“I’m glad she wrote about it,” John Legend said about his wife, Chrissy Teigen choosing to share her struggle with postpartum depression. “I think it was powerful for her to let a lot of women know they’re not alone, and no matter how much money you have or fame, anybody can feel that. And it’s hard for anybody no matter how successful you are and how many resources you have.” We couldn’t agree more.
Here are 11 times celebrity women broke the silence on the often difficult life after childbirth.
“Most days were spent on the exact same spot on the couch and rarely would I muster up the energy to make it upstairs for bed,” she wrote. “John would sleep on the couch with me, sometimes four nights in a row. I started keeping robes and comfy clothes in the pantry so I wouldn’t have to go upstairs when John went to work. There was a lot of spontaneous crying.”
“They say you bond instantly with your baby but I didn’t have that instant connection. I was in a 20-hour labour and just when I was about to push him out, his heart rate dropped, so there was a lot of panic in the room and we were all in tears. Then, when he eventually came out, everyone screamed “congratulations” and they had to put him on my chest to bond. Instead, when they did, I said “He is beautiful, but can I sleep for just one hour?” Thereafter, I was so overwhelmed, that for a week after delivery, I would cry every day.”
“One moment, tremendous happiness; the next, fatigue sets in, and I cried for no reason, and then that took care of itself,” Celine Dion says of her twins’ births. “Some of the first days after I came home, I was a little outside myself. I had no appetite, and that bothered me. My mother remarked that she noticed I had moments of lifelessness, but reassured me that this was entirely normal. It’s for things like that after having a baby that mothers really need emotional support.”
BROOK SHIELDS, (from memoir, Down Came the Rain: My Journey With Postpartum Depression)
“Rowan kept crying, and I began to dread the moment when Chris would bring her to me. Although I didn’t dislike her, I wasn’t sure I wanted her living with us. Every time I have been near a baby, any baby, I have always wanted to hold the child. I didn’t feel like I wanted to get too close to Rowan.
I thought I might try to escape or wouldn’t be able to stop myself from swallowing a bottle of pills. I even thought I’d welcome being kidnapped. These were strange, irrational fears that still felt real to me.”
“I went through a really hard time—not right after the baby, but when [Coco] turned 6 months,” Courteney Cox has shared. “I couldn’t sleep. My heart was racing. And I got really depressed. I went to the doctor and found out my hormones had been pummelled.”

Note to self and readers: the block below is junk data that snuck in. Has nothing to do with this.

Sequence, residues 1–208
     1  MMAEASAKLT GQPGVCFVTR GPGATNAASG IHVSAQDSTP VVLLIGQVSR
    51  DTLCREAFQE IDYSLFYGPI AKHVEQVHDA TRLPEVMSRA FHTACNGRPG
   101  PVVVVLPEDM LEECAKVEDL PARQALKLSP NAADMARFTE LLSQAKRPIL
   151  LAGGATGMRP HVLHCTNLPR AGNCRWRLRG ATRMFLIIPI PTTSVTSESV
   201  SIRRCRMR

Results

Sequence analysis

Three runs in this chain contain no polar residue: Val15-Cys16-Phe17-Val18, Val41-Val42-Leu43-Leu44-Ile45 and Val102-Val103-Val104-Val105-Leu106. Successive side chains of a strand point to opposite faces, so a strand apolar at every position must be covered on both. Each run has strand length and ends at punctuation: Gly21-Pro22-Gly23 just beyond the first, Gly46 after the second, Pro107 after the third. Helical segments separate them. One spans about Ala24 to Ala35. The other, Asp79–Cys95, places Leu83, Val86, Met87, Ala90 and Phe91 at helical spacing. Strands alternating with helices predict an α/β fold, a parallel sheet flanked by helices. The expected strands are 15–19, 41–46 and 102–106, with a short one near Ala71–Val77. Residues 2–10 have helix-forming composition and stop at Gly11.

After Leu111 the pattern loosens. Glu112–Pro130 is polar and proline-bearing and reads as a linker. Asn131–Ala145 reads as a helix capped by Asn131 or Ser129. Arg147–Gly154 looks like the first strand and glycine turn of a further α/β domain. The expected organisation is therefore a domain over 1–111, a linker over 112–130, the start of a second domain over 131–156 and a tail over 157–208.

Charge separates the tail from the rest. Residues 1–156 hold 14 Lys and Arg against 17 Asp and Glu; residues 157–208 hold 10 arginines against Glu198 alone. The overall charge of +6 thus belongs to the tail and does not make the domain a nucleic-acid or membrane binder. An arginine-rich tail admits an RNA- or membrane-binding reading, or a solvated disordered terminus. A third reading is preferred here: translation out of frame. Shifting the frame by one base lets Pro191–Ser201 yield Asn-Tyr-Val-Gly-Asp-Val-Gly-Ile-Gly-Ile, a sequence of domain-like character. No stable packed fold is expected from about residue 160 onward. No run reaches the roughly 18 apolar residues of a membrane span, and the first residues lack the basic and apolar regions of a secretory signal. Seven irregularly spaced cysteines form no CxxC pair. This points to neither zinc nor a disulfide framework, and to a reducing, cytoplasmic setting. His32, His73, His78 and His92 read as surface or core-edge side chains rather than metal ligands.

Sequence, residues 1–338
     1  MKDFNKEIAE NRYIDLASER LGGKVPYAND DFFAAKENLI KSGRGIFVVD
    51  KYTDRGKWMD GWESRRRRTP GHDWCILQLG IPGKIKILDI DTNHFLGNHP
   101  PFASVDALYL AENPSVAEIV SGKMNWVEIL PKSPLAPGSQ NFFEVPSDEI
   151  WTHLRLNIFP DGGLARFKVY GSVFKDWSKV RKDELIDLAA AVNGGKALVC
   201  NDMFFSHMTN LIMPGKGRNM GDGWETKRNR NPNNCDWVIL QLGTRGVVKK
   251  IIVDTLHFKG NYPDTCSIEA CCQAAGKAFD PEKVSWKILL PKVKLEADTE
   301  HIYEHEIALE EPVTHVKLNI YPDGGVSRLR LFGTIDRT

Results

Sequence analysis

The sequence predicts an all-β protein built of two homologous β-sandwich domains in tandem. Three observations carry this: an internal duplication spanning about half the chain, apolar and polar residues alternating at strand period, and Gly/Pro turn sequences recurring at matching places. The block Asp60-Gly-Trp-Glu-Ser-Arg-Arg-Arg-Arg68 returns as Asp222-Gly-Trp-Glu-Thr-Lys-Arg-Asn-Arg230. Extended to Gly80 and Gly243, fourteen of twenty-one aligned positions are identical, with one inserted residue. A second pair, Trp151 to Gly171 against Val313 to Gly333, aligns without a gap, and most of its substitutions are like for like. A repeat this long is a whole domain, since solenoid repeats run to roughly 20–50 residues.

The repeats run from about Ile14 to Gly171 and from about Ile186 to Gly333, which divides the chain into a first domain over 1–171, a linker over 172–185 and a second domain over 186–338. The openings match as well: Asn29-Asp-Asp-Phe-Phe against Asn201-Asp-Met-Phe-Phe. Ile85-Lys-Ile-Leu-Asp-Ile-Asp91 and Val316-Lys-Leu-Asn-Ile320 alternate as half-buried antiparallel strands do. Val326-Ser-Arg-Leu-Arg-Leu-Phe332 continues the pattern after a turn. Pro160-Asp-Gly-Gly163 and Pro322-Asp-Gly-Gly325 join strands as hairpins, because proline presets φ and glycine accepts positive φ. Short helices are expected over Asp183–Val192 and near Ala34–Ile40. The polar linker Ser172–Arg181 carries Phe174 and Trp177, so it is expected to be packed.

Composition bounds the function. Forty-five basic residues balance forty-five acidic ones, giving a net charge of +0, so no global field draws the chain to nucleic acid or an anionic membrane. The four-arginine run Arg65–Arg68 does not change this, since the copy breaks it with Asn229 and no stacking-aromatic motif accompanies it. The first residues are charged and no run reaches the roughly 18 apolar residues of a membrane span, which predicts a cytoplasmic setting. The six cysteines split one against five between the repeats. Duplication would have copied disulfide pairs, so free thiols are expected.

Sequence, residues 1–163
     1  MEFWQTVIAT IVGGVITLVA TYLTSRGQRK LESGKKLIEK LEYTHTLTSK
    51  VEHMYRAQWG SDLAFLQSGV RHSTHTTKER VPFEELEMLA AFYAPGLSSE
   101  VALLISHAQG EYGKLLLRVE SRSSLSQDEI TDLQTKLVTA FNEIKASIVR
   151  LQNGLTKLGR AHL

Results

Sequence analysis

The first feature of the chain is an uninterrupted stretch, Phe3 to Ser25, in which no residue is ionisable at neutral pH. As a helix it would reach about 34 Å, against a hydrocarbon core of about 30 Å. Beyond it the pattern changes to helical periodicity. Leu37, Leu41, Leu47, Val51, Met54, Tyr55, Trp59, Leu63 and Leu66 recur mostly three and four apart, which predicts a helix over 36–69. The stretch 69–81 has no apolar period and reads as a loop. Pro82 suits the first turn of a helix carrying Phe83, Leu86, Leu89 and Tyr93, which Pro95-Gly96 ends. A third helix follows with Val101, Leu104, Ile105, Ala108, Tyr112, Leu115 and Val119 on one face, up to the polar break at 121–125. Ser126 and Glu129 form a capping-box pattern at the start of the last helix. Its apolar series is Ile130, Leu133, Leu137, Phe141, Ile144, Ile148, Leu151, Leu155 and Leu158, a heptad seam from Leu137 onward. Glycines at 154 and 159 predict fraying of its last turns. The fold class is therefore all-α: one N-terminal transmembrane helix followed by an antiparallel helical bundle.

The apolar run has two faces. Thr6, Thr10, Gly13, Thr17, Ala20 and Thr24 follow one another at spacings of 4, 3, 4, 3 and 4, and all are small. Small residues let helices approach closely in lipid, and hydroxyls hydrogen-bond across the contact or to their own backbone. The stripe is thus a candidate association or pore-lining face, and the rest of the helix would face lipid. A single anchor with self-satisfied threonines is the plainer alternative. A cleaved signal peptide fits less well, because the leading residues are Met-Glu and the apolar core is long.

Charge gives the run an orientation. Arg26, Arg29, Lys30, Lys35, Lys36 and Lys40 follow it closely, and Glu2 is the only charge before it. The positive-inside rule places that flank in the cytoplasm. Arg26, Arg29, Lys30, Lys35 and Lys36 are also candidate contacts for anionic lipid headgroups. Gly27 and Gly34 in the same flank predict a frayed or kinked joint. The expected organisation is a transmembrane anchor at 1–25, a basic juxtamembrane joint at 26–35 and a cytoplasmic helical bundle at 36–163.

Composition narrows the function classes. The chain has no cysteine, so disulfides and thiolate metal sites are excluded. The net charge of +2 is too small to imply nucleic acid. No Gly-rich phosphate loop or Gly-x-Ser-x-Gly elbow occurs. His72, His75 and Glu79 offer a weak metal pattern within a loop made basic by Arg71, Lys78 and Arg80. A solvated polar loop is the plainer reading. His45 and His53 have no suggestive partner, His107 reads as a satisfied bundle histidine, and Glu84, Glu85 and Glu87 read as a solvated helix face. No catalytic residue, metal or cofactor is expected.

“I kept saying to him [her husband, Dax Shepard] in all sincerity during my pregnancy, “I just don’t know how I’m going to like her as much as I like the dogs.” I was being serious. Because I . . . love my dogs; they are my children. I love people the more I know them, and I didn’t know her. It could’ve been a water bottle in my belly, that’s about how connected I felt to her during my pregnancy. But within about 24 hours after she came out, my hormones reset, and they reprogrammed my feelings about her.”
“If you think for one second that a mother wants to feel that way toward her child, you’re outta your mind. It is one of the most debilitating, scary, guilty feelings that you can ever feel. That a mother would not be able to connect with their child, would not be able to get a grip, or would not know what’s going on, for anybody to say that it’s false or created by us, you must have your head examined.”
KENDRA WILKINSON, (from Being Kendra: Cribs, Cocktails, and Getting My Sexy Back)
“After giving birth, I never brushed my hair, my teeth, or took a shower. I looked in the mirror one day and was really depressed. I thought: Look at me, I had this glamorous life in LA, and now didn’t. A couple of times I even said, ‘I just have nothing to live for.’”
“At my lowest, I was a robot. I just didn’t feel anything. I had no maternal feelings for him – it was awful. I couldn’t connect, and still, when I look at pictures of him at 3 months old, I don’t remember that time.” She added: “My problem was that I never acknowledged anything was wrong. I didn’t put two and two together.”
“I didn’t have postpartum the first time so I didn’t understand it because I was like, ‘I feel great!’ The second time, I was like, ‘Oh, whoa, I see what people talk about now. I understand.’ It’s a different type of overwhelming with the second. I really got under the cloud.”
LENA HEADY (aka Game of Thrones’ Cersei Lannister)
“I had postnatal depression, which I didn’t realise for a long time. I went a bit nuts and eventually went to a guy who mixes Western and Eastern philosophy in terms of medicine and he put me on a course of something that changed everything.”